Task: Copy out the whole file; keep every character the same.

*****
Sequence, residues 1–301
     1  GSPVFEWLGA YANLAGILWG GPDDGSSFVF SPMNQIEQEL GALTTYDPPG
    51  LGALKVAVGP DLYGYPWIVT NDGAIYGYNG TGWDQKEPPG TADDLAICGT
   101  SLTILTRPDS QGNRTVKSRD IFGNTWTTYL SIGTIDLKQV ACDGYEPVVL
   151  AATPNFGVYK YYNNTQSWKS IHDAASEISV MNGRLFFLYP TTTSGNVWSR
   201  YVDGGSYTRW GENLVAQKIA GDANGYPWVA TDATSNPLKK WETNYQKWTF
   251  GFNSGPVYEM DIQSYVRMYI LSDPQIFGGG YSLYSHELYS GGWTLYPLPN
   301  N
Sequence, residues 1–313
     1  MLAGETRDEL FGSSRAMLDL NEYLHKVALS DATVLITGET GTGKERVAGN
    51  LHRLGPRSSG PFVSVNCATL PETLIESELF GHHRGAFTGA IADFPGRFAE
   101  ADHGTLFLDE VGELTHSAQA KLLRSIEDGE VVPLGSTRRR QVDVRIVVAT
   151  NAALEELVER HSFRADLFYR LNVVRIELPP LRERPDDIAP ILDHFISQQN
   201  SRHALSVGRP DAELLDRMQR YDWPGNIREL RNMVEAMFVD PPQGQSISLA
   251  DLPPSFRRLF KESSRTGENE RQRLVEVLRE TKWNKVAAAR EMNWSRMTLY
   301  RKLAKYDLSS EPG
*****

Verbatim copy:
Sequence, residues 1–301
     1  GSPVFEWLGA YANLAGILWG GPDDGSSFVF SPMNQIEQEL GALTTYDPPG
    51  LGALKVAVGP DLYGYPWIVT NDGAIYGYNG TGWDQKEPPG TADDLAICGT
   101  SLTILTRPDS QGNRTVKSRD IFGNTWTTYL SIGTIDLKQV ACDGYEPVVL
   151  AATPNFGVYK YYNNTQSWKS IHDAASEISV MNGRLFFLYP TTTSGNVWSR
   201  YVDGGSYTRW GENLVAQKIA GDANGYPWVA TDATSNPLKK WETNYQKWTF
   251  GFNSGPVYEM DIQSYVRMYI LSDPQIFGGG YSLYSHELYS GGWTLYPLPN
   301  N
Sequence, residues 1–313
     1  MLAGETRDEL FGSSRAMLDL NEYLHKVALS DATVLITGET GTGKERVAGN
    51  LHRLGPRSSG PFVSVNCATL PETLIESELF GHHRGAFTGA IADFPGRFAE
   101  ADHGTLFLDE VGELTHSAQA KLLRSIEDGE VVPLGSTRRR QVDVRIVVAT
   151  NAALEELVER HSFRADLFYR LNVVRIELPP LRERPDDIAP ILDHFISQQN
   201  SRHALSVGRP DAELLDRMQR YDWPGNIREL RNMVEAMFVD PPQGQSISLA
   251  DLPPSFRRLF KESSRTGENE RQRLVEVLRE TKWNKVAAAR EMNWSRMTLY
   301  RKLAKYDLSS EPG